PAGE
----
GREENVILLE — The Darke County Historical Society’s awarded its 2021 Heritage Award to Allen Hauberg. The award recognizes outstanding citizens or organizations for their distinguished contributions or actions of unusual excellence that help connect people to Darke County’s past. It began in 1983 and was revitalized in 2004.
Hauberg is a volunteer docent that educates the public and the many fourth-grade students who tour (pre-COVID) the Crossroads of Destiny exhibit. Whether leading a student or adult tour, he generates excitement about the Treaty of Greenville and General Anthony Wayne’s armies’ history. Hauberg created the informational flyer that is available for patrons in the Crossroads of Destiny exhibit and one about Zachary Lansdowne. He has a wealth of researched knowledge and trivia to share with the public, and his retirement from other endeavors enabled him to become involved with Garst Museum.
As a new Garst board member in 2005, he established the first Garst budget under then board chairman John Marchal. According to John Marchal,
“Allen’s financial reports, which he created especially for the Museum, were wonderful tools for the board and the director to use in planning and executing the various programs that the Museum was involved with. It was truly a great, great help to all of us in being able to see where we were going and where we were able to go, and we could not have done that without Allen’s help.” Dr. Clay Johnson, CEO of Garst Museum said.
Prior to his involvement with Garst Museum, Hauberg was elected to Greenville’s city council in 1971. Subsequently, he ran for City Council President and served in that position for 22 years until 2005.
“I was in public service for 32 years, and at retirement, I had served half of my lifetime to city government,”Hauberg said. He retired from the city council at age 68.
Hauberg helped accomplish significant projects for the city of Greenville. During his tenure on the city council, he helped start the Greenville Rescue Service. While serving as its director for 20 years, he established the budget, which was a valuable transition to his work with Garst’s finances. Some of his other outstanding achievements while serving on city council were to oversee, along with other council members and staff, the establishment of the city income tax and cable T.V. authorizations. Collectively, they oversaw the rebuilding of downtown Broadway, the city circle, remodeling the city building, saving the historical north broadway bridge, renaming it the Martha Benkert Memorial Bridge, rebuilding the water plant, extending Russ Road, building a new swimming pool, aligning Imo Boulevard and Park Drive, rebuilding the police department and relocating the city garage. While on the council, the city celebrated the 200-year milestone of the Treaty of Greenville and established a sister city partnership with Grunstadt, Germany.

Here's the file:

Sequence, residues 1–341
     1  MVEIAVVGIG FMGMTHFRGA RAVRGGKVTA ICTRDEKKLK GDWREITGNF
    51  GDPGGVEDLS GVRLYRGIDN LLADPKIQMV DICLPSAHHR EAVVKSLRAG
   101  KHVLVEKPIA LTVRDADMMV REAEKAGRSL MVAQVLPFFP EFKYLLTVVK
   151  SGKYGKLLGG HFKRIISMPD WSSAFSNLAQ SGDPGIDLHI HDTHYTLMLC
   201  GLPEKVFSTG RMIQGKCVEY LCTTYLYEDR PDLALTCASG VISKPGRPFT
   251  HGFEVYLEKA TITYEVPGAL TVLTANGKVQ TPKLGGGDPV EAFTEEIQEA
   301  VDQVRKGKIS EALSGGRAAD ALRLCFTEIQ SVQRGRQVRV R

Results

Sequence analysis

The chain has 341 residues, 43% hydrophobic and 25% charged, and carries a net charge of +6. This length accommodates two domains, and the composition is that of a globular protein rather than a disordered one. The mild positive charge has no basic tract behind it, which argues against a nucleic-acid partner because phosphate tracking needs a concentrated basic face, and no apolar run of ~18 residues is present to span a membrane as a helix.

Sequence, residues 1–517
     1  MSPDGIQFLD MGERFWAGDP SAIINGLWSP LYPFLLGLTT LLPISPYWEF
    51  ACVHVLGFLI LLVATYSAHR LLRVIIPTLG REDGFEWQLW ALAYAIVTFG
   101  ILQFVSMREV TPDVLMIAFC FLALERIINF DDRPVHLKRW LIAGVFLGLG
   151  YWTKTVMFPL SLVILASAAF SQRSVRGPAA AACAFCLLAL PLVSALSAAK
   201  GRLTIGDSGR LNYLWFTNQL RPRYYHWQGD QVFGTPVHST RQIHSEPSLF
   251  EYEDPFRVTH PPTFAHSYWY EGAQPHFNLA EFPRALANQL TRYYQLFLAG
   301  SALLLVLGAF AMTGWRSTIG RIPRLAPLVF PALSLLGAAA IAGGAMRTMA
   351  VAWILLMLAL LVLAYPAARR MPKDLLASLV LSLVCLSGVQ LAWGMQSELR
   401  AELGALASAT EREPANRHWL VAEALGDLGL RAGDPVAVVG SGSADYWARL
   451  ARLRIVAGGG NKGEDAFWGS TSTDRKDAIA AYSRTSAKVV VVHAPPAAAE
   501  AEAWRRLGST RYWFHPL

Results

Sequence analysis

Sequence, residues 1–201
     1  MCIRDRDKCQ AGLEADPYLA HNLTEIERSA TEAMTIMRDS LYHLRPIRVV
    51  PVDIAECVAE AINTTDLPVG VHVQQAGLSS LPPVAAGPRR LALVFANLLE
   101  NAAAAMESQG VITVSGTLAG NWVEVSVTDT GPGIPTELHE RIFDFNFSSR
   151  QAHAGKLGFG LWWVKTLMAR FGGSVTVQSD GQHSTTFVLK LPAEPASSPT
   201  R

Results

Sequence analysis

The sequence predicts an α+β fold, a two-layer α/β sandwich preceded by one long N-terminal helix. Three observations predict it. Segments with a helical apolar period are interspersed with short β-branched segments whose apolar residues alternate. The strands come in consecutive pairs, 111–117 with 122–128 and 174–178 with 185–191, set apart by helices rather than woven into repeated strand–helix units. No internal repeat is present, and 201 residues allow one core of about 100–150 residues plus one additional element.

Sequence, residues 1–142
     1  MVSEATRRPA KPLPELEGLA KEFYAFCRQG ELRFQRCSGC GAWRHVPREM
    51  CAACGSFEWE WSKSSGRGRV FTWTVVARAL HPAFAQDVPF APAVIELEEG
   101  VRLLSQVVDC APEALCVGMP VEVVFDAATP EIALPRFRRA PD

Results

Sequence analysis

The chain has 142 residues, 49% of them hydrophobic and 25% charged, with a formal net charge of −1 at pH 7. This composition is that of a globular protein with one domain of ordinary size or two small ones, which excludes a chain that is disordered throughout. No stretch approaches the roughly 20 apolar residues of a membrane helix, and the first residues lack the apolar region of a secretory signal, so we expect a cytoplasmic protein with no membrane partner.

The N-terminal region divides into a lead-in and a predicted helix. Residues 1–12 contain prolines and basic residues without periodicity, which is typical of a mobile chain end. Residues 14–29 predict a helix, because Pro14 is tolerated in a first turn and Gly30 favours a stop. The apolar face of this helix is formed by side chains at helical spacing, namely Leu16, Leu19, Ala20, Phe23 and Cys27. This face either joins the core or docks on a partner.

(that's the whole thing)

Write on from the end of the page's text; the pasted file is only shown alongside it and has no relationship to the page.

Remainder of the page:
“I signed the Sister City of Greenville for the City,” Hauberg said. “I’ve been there several times. They are five times older than us.”
Hauberg is very involved with the Greenville and Ohio Jaycees, Elks and Moose Lodges, served numerous bowling and golf leagues as a player and secretary, and the Greenville class of 1955 (his graduating class) as the unofficial keeper of the classmates roster and class reunions.
Hauberg’s family moved to Greenville from Detroit in 1941. He is one of four children. Hauberg has three children, seven grandchildren and two great-grandchildren. He currently lives in Chestnut Village at the Brethren Retirement Community.